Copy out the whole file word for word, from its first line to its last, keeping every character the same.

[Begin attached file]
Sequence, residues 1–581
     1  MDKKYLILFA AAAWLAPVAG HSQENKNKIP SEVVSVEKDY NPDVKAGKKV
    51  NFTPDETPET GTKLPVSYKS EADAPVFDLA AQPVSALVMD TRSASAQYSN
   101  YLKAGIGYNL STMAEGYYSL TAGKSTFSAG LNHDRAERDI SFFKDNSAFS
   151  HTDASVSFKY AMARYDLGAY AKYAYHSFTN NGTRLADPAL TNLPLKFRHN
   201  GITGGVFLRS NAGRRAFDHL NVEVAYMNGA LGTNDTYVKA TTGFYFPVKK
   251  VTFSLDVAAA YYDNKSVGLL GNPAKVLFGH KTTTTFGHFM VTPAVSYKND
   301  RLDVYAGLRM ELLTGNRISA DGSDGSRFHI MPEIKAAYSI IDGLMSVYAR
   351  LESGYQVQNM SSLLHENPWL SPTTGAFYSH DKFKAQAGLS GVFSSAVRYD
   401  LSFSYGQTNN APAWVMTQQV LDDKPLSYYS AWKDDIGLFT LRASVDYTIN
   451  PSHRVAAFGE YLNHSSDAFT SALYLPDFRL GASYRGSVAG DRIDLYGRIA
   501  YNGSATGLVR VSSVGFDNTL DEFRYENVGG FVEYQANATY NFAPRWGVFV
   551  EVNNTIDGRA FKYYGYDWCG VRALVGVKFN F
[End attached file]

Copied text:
Sequence, residues 1–581
     1  MDKKYLILFA AAAWLAPVAG HSQENKNKIP SEVVSVEKDY NPDVKAGKKV
    51  NFTPDETPET GTKLPVSYKS EADAPVFDLA AQPVSALVMD TRSASAQYSN
   101  YLKAGIGYNL STMAEGYYSL TAGKSTFSAG LNHDRAERDI SFFKDNSAFS
   151  HTDASVSFKY AMARYDLGAY AKYAYHSFTN NGTRLADPAL TNLPLKFRHN
   201  GITGGVFLRS NAGRRAFDHL NVEVAYMNGA LGTNDTYVKA TTGFYFPVKK
   251  VTFSLDVAAA YYDNKSVGLL GNPAKVLFGH KTTTTFGHFM VTPAVSYKND
   301  RLDVYAGLRM ELLTGNRISA DGSDGSRFHI MPEIKAAYSI IDGLMSVYAR
   351  LESGYQVQNM SSLLHENPWL SPTTGAFYSH DKFKAQAGLS GVFSSAVRYD
   401  LSFSYGQTNN APAWVMTQQV LDDKPLSYYS AWKDDIGLFT LRASVDYTIN
   451  PSHRVAAFGE YLNHSSDAFT SALYLPDFRL GASYRGSVAG DRIDLYGRIA
   501  YNGSATGLVR VSSVGFDNTL DEFRYENVGG FVEYQANATY NFAPRWGVFV
   551  EVNNTIDGRA FKYYGYDWCG VRALVGVKFN F